by Susan Gregory
One of the most remarkable changes in the period from 1960 to 2010 has been the age at which deafness in children has been diagnosed. It has developed from the situation in 1960 when hardly any children were diagnosed before the age of two years to that in 2010 where most infants are screened for deafness shortly after birth and ideally diagnosed before six months of age. The distinction between diagnosis and screening is an important one, screening being a procedure designed to be used with all children to identify children who may have a hearing loss and diagnosis, a more elaborate procedure, designed to assess the degree and type of any hearing loss a child may have.
There have been formal procedures for screening for hearing loss from the 1920s, the earliest tests utilising spoken numbers recorded on a phonograph which the children had to write down, the sound level gradually becoming less and less. However, such sounds were replaced in the 1940s through the use of pure tone audiometry. The distraction test was introduced in the 1940s, first described by Ewing and Ewing in 1944. It was designed to be used with children between the ages of 7 and 18 months. Seven months was chosen as the earliest time to screen as the child needed to be mature enough to sit unsupported. The child sits on the mother's lap and one of the two testers gains the child's attention by playing with interesting toys in front of them. After a short while play ceases and at that moment the other tester, out of view of the child, makes a sound. The child is observed to see if they turn to the noise. The various sounds to be used, suggested by the Ewings, were: an eight syllable sentence, a high frequency rattle, a Boo-oo-oo sound and a S-s-s-s sound.
However it did not have high reliability as, unless it was carried out in accordance with very strict guidelines, a number of events could affect the result. It was possible that the child could be aware of the mother’s response to the sounds and respond to these, or the child might be aware of the second tester and turn to look at them. In addition it was difficult to calibrate the sounds reliably. It was easy to get false positive results and in some instances parents were told their child was not deaf when in fact they were. An EEC study focussing on children born in 1969, reported in 1979 and 1981 that only 10% of deaf children had their hearing loss detected in the first year of life and 50% of children were over three years of age before their deafness was confirmed. This study was based on children with a loss greater than 50dB in their better ear. The results for children in the UK were consistent with those from the wider EEC.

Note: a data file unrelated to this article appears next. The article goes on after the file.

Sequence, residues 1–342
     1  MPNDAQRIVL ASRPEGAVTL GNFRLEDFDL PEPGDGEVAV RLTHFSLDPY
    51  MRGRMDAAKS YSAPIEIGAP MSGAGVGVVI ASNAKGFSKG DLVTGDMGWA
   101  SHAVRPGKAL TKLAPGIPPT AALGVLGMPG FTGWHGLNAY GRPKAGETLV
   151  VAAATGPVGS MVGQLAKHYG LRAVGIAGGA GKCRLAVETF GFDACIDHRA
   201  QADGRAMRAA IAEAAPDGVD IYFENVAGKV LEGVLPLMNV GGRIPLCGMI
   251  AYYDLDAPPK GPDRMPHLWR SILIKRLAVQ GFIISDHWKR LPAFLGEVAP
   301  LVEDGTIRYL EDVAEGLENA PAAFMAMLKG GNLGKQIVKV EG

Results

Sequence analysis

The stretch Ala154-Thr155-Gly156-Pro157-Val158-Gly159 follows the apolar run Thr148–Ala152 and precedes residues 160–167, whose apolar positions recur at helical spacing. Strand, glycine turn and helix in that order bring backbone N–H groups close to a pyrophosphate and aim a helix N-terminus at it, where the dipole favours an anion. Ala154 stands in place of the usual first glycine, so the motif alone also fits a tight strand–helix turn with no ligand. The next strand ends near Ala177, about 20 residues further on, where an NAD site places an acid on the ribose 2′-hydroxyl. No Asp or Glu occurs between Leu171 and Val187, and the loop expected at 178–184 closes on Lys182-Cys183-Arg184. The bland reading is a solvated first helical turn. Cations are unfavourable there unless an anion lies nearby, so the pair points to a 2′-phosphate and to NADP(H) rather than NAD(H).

Throughout the 1980s and 90s efforts were taken to make the procedure more reliable. Increasingly screening in the UK was being carried out by Health Visitors as part of their role with families with young children, who received training in the procedure.
Recommendations were made to make the procedure more systematic including:
The records of a Local Authority (Nottingham) following these recommendations suggested that while less than 20% of children were detected in their first year before the new procedure was introduced, over 70% were detected under the new regime (McCormick 1988).
At the same time as the screening protocol was being revised, there was also a different initiative taking place. In 1980, Latham and Haggard carried out a study in Nottingham to explore the issue of the apparent failure of screening to identify the majority of infants with a hearing loss. This was partly in response to the finding that many parents of late ascertained children were complaining that they had had their suspicions for a long time but had difficulty convincing professionals. Latham and Haggard explored the nature of parent’s suspicions and, based on their findings, developed a check list that health visitors could give to parents. This suggested to them various pointers to children’s responses to sound they could look for during the child’s first year of life.
An example of an item on this list is "By 9 months: He should listen attentively to familiar everyday sounds and search for very quiet noises made out of sight. He should also show pleasure in babbling loudly and tunefully." (McCormick 1988)
Early evaluation of the check list was reassuring in its finding that it did not cause anxiety in parents whose children did not have a hearing loss, and lead to greater number of parents coming forward with concerns. However it was not thought to be adequate on its own, as it did not pick up losses that occurred only in particular frequencies, it could miss babies with lesser degrees of hearing loss, and not all parents were motivated or able to use the list.